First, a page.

Challenges of Traveling Alone
Globetrotting around the world without any companions can bring challenges, both emotional and logistical. If you are traveling long term, you will begin to miss the meaningful relationships in your life back home. Technological advances such as Skype sessions have helped mitigate the isolation experienced by those traveling abroad, but they are still not the same as spending time with others in person. Inevitably, important events will happen while you are away and you will miss out on them. Since many others travel in groups, you will look around yourself and miss the joy of your friends and family in your life. I have traveled to several awe-inspiring locations around the world and thought to myself many times that one friend or another would have loved to share in the experience as well.
I have found that the best way to deal with loneliness during solo travel is to plan for it. Live in the moment while you are experiencing something for yourself, and then if a friend pops into your mind, message them about it later. Be prepared to have some down time while you are traveling so you can call a friend during a long trip, and keep time zone differences in mind. When you return home, time with friends can seem even more valuable because you have been apart for so long, so look forward to that. The worst thing to do would be to mope in the fact that you have nobody to experience your travels with, and that you miss your friends back home. These are normal feelings to have, but dwelling on them for weeks on end will ruin your experience.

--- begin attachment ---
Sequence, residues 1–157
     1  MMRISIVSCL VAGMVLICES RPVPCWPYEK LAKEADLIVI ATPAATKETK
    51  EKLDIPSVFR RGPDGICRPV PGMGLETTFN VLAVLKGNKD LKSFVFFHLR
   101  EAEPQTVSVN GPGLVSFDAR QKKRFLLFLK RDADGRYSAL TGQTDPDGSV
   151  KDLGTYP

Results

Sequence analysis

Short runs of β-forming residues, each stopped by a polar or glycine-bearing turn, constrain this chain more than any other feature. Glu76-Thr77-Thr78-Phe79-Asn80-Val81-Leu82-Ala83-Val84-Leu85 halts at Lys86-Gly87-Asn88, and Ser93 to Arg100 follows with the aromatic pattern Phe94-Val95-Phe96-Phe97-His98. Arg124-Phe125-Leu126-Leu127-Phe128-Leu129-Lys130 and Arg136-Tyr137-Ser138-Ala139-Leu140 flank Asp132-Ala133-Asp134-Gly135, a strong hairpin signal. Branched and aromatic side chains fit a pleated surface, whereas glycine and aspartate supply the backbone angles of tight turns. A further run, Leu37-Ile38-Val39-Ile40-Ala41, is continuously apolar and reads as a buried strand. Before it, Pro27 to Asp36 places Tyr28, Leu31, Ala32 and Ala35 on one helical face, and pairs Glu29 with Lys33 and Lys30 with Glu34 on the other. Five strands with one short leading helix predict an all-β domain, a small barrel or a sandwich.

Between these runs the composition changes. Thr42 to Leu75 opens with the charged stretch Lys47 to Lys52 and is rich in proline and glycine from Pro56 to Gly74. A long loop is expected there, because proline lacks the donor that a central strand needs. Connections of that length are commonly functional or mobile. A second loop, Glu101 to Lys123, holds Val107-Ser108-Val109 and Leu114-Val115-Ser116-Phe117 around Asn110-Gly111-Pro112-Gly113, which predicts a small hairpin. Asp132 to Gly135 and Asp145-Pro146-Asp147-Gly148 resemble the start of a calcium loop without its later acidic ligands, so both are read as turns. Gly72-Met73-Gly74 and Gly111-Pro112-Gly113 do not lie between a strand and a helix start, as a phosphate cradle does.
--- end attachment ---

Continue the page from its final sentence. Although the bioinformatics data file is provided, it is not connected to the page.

Logistical problems also arise quite often while traveling alone. One that comes up often is being in a public place like an airport with your bag and having to use the toilet. What I prefer to do in this situation is strike up a conversation with someone who looks trustworthy around me, and then after talking for a bit, asking them to watch my bag while I use the restroom. Not only will you avoid having to take your bag into a dirty toilet stall, but you might also make a friend. Of course, if there are no trustworthy-looking people around, your bag will hopefully be small enough that it will not be an issue. Other logistical problems that might arise could be along the lines of needing a minimum number of people to book an activity or needing a companion while hiking in remote wilderness to ensure safety. In both of these cases it might be possible to link up with other travelers along your route and travel together.
Although there are many challenges associated with solo travel, the benefits make it worthwhile. Many of my trips by myself have been more enjoyable than those I have taken with others, since I am more likely to meet others as well as become more self-sufficient and grow as a person. Even if you are a very introverted person, you will likely branch out and surprise yourself.
At the very least, I would not discount an experience or trip just because you have nobody to go with. Take the leap and book your ticket; you’ll be glad you did.